Nowadays if you want to go on safari in the jungles of Africa or experience the rainforest in the Amazon you have to book a tour months in advance, get all your shots and cough up tens of thousands of dollars for two weeks in a lavish four-star resort on the edge of the jungle under armed guard and tight security. You then can venture out into the natural wonders of flora and fauna in an air-conditioned minibus for the day and return to the resort for a five-star lavish feasts prepared by a celebrity chef like Gordon Ramsay or Wolfgang Puck. And if you’re lucky, you may get to actually see a hippo or a lion far off in the distance.
Gone are the days of hopping on a liner and steaming across the Atlantic to capture the imagery and thrill of close range rhino’s getting slaughtered by poachers, or malaria and diphtheria and the possibility of an armed uprising by jungle natives against relentless Third World dictators. Gone is the color and festival like atmosphere of the true safari.
Back in the day, before the likes of Jack Hanna, Siegfried and Roy or Felix Ho, there was a wild animal trainer that brought the safari experience to you, almost right in your backyard. And you didn’t have to get vaccinated or shell a bunch of dough or worry about hostage situations.
I am of course, speaking of Jungle Larry and his wife Safari Jane, regulars on the Captain Penny show on Channel 5. He took exotic animals to small zoos he ran at the old Puritas Springs amusement park on Cleveland's West Side, Chippewa Lake Park in Medina County, and then Cedar Point, where he opened a baby animal farm in 1964 and where his independently operated African Safari ran from 1965 to 1994. If you really wanted to travel and see big game, in 1969, Jungle Larry and Safari Jane made their winter home in Naples, Fla., and opened an exhibit at the Naples Zoo at Caribbean Gardens, then known as Jungle Larry's Zoological Park.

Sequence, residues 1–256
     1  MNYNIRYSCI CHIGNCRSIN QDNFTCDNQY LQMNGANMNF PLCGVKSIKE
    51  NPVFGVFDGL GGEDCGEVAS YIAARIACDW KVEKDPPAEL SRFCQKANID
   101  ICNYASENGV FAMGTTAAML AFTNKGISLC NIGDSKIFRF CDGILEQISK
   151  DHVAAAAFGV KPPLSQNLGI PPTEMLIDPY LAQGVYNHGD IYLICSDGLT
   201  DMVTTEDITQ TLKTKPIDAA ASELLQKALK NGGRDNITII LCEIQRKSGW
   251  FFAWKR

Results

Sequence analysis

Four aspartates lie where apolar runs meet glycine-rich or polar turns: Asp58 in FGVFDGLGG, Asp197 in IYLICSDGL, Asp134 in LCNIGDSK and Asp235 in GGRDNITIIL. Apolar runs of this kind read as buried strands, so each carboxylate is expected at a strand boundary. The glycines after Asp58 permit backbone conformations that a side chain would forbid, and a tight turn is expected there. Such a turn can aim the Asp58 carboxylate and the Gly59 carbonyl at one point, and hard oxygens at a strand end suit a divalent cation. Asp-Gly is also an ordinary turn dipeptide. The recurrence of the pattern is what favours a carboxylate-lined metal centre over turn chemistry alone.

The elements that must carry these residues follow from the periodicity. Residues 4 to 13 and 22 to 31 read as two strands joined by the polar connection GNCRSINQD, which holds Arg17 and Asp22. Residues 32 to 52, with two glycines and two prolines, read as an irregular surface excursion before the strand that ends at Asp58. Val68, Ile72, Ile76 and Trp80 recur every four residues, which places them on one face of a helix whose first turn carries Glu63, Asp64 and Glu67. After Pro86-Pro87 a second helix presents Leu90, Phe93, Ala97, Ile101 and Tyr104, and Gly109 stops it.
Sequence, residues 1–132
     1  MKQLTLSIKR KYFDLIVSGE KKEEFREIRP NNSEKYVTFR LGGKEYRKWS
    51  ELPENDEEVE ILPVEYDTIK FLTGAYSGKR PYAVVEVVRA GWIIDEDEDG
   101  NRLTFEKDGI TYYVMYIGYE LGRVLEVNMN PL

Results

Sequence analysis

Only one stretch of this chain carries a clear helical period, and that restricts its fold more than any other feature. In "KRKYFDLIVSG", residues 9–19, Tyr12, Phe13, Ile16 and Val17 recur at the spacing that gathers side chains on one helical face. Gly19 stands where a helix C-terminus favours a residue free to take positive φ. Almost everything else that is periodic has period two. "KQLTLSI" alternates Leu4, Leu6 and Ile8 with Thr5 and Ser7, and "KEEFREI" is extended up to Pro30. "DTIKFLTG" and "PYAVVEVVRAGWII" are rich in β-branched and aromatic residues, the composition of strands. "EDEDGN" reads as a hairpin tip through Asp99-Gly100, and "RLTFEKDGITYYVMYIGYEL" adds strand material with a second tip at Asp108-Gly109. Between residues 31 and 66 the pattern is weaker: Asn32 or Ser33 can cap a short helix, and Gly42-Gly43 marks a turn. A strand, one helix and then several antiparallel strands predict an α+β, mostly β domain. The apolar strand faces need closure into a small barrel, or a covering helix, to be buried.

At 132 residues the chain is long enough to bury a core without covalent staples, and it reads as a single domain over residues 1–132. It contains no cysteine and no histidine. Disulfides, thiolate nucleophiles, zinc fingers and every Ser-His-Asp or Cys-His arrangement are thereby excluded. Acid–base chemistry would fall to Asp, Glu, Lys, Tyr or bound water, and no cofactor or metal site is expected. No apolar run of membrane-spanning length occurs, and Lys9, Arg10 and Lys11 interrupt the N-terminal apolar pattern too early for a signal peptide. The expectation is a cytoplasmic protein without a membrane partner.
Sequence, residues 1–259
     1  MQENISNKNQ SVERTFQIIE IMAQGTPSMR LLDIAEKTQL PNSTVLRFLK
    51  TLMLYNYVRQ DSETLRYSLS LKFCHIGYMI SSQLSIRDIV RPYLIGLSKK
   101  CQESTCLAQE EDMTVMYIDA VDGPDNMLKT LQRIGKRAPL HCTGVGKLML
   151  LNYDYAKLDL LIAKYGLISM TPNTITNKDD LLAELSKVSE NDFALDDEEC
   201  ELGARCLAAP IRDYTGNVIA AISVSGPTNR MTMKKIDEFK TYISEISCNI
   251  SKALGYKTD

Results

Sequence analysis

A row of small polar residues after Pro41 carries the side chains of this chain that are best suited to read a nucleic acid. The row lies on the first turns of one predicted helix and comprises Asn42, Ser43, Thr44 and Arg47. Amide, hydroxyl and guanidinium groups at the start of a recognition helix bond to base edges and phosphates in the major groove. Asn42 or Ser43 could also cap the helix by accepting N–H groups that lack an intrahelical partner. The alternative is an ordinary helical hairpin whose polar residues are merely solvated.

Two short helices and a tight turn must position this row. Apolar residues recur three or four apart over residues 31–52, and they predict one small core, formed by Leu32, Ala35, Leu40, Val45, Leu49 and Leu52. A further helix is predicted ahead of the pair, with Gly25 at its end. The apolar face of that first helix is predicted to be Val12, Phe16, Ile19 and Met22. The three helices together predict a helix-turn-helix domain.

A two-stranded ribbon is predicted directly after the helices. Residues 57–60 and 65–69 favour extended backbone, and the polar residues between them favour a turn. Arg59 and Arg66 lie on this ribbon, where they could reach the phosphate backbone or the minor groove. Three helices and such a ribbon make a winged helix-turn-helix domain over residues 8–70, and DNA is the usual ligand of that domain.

Despite all the danger, old Jungle Larry passed away peacefully in 1984, but his legend lives on so I thought we may put together a jungle feast that is eco-sensitive to honor his legacy.
From the mountain province of the Mondulkiri jungles in Cambodia we begin with free forest chicken with native wild honey.
Mondulkiri Jungle Honey Glazed Chicken
1-2.5 Lb. Forest Free Range Chicken
1 Stalk Lemongrass, Stripped, Finely Minced
1 Knob Galangal, Finely Diced
1 Thai Red Chili, Minced
1 Tbs. Fish Sauce
2 Tbs. Wild Honey
1 Tbs. Wild Rice Wine
Juice and Zest of 1 Orange
1 Tbs. Soy Sauce
4 Tbs, Sesame Oil
1 Handful Thai Basil
Preheat the fire pit to 350 degrees.
Mix all the ingredients in a large coconut bowl and pour marinade over chicken in a cast-iron kettle. Rub into the skin. Place the juiced orange in the chicken cavity and let sit for 4-5 hours.
Place the kettle over fire, put a lid on and roast for 30 minutes. Baste chicken with juices and roast for another 30 minutes.
Remove from heat and allow to sit for 10 minutes before carving.
8 Scarlett Nantes Carrots, Peeled
½ Cup Asparagus Florets
½ Cup Cauliflower Florets
1/2 Cup Broccoli Florets
Japanese Wafu Viniaigrette
Place veggies in a bamboo steamer and bring to a boil over medium heat. Allow to cook 7-10 minutes
Transfer to a bowl and drizzle Wafu over before serving.
½ Cup Rice Wine Vinegar
2 Tbs. Dark Soy Sauce
1 Tbs. Cane Sugar
1 Tbs. Sesame Oil
2 Tbs. Ground Black Sesame seeds
1 Clove Garlice, Smashed and Finely Chopped
Whisk it all in a coconut shell. Refrigerate unused portions.
Check out the Jungle Larry highlights in the slideshow.